Documentary Review: The World According to Dick Cheney

by GUEST CONTRIBUTOR Noel Rosen (@GatsbyCaulfield)

We all know the stories, and traits put on Dick Cheney.  Are they accurate?

When I first saw the trailer for “The World According To Dick Cheney”, I was caught off guard when Cheney went through this dialogue:

Director:  What do you consider your main fault?

And Dick Cheney stuttered, and stammered, and simply said:

“I guess I don’t spend that much time thinking about my faults”.

One would deduce that Dick Cheney is not a very introspective guy. This documentary goes a long way to assert that notion, and many other notions in a pretty straight-line expose on a man who changed the Vice Presidency forever.

It spends a little time discussing his beginnings in Wyoming, his frequent runs in with the law at an early age, and even (GASP) getting kicked out of an Ivy league college. However, there is some redemption for young Dick as he’s able to land back on his feet, and work his way into the Washington inner-circle in the Nixon administration, and spend the next 40 years immerged in American politics.

One of the more fascinating parts of the documentary is the role Cheney had in the Gerald Ford administration, and how his antics and behavior helped shape how he viewed power, his blatant distrust for Congress, and ultimately, his view of the Presidency, and how it operates.  It does a great job of building up the relationship between Donald Rumsfeld, and Cheney.  Rumsfeld, who was Cheney’s mentor, would serve as the Secretary of Defense for the Bush administration from 2001-2006.   Their relationship was of close loyalty, and it never wavered.

With some cutaways and stories, we come to the most crucial/interesting aspect of Cheney’s historical significance:  September 11th, and beyond.   Cheney, who for most of the film serves on camera in a simple interview format also serves as a narrator (along with Dennis Haysbert).   Here’s where the political partisans will see the documentary slightly different, and it develops rather predictably, but albeit, interesting.  For a good 30-40 minutes, there’s a discussion about Weapons of Mass Destruction, Iraq, and the need to stop terrorist attacks at any costs.   Cheney pulls no punches when he discusses the need for the invasion, the occupancy, and the tenets of the Patriot Act. He defends water-boarding and wiretapping citizens to gain information.  Through all of this, he contends he did nothing right, and he was doing it in the interest of America ignoring how unpopular some of this became as the years went on.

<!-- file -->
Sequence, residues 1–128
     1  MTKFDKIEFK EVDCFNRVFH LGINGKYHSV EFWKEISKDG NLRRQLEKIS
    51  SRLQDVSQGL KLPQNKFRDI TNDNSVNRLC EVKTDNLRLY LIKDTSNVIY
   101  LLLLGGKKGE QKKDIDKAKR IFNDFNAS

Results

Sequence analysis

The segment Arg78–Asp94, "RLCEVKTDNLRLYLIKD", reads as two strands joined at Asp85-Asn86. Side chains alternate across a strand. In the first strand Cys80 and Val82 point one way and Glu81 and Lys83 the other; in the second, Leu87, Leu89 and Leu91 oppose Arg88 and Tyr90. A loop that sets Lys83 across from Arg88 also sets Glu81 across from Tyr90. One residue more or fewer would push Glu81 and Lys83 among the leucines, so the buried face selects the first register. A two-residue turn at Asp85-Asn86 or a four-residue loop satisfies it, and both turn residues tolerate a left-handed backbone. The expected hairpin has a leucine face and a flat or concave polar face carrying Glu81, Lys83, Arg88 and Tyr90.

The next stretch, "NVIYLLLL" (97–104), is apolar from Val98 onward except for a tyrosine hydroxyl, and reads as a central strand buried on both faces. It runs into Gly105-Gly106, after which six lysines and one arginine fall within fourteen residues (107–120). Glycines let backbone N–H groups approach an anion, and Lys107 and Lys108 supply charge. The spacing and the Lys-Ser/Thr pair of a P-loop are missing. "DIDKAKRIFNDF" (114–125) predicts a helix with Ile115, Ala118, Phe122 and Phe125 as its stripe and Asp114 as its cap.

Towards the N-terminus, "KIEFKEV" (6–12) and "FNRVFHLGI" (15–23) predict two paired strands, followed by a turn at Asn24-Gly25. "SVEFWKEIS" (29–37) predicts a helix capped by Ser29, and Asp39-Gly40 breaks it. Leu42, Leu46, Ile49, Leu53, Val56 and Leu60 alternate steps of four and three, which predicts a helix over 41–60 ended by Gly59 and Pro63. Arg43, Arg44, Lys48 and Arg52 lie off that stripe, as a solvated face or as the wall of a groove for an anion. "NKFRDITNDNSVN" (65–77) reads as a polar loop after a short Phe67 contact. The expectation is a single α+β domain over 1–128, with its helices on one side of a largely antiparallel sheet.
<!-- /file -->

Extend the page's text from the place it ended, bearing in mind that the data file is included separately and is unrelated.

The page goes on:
The documentary doesn’t solely feature Cheney though.  It’s got writers, peers, analysts/strategists who all have different backgrounds but essentially say the same thing: Dick Cheney believed there was a threat, and nothing would have changed his opinion.

One of the shortcomings of the documentary is the real honest critiques you could make for a lot of the policies, and decisions were never rebutted to Cheney during the film.  There were appropriate times to bring up policy questions, and engage in a discussion.

In a documentary though with so many un-answered questions left unsaid, it really does prove how powerful he was. He was a skillful at manipulation, and skewing things to garner support.  This is seen when he knowingly falsifies some information he gives to Richard Armey in order for support to vote for the Iraqi invasion. He also masterminds and helps control policy with key members of his staff, especially that George W. Bush guy.   Bush relied on Cheney pretty heavily, and like it or not, Cheney utilized this power unlike any other Vice President.  By the end of the administration, Bush’s confidence and trust in Cheney wavered (thanks to a few notable incidents documented), and their relationship stalled out.  Bush would discuss in his own memoirs about being “blindsided” by many of the Cheney influenced decisions.
He never gets to defend his positions from what his peers say about some of his actions, but he made it pretty evident towards the end of the film by saying:  “It isn’t so much about what you achieved, but what you prevented”.

I’d recommend this documentary to anyone interested in a very polarizing figure that has played a key role in America’s foreign policy the last 40 years. I would temper your expectations if you’re looking for straight answers, or even an apology.  Dick Cheney has moved on from his time as Vice President of America with no regrets.  Can we say the same?

This documentary is airing, and re-airing on Showtime throughout the summer. Check your local listings.

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